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how do you solve the integral of 1/[(square root of x)(lnx)] from 2 to infinity?
i did the p- integral theorem with 1/square root of x and got it to be a divergent integral. however i was told this was the wrong way and that i should do it by integration by parts. but i can't figure it out by that method. please help. thanks.

  • calculus -

    You can proceed as follows. Substitute:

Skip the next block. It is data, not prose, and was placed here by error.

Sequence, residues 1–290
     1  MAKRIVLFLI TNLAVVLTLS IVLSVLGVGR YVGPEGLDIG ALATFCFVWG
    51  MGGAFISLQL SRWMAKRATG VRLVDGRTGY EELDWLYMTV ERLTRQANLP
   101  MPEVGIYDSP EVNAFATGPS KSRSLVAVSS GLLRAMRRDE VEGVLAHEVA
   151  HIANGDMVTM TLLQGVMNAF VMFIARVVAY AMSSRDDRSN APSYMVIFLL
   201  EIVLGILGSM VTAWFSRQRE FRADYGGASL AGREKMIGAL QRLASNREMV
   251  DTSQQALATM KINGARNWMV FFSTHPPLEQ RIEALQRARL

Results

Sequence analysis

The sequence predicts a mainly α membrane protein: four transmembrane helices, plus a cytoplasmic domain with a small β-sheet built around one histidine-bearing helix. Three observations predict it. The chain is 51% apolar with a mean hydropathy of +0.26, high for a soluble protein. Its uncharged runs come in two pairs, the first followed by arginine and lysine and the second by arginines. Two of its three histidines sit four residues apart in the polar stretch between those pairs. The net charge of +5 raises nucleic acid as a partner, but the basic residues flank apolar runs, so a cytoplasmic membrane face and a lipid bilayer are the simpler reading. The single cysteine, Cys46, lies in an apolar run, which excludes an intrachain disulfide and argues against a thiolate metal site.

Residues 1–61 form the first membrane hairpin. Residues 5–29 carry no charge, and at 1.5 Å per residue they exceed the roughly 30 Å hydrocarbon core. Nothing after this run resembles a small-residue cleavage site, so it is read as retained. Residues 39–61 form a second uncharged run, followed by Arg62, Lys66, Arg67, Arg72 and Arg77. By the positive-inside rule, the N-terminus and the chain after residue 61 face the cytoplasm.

x = e^t. Then the integral becomes:

    Integral from ln(2) to infinity of

    e^(t/2)/t dt

    We can get rid of the factor 2 in the exponential by putting y = t/2. The integral becomes:

    Integral from 1/2 ln(2) to infinity of

    e^(y)/y dy

    For positive y we have

    e^(y) > 1

    It follows from this that the integral is larger than

    Integral from 1/2 ln(2) to infinity of

    1/y dy

    but this is already divergent, so the integral diverges.

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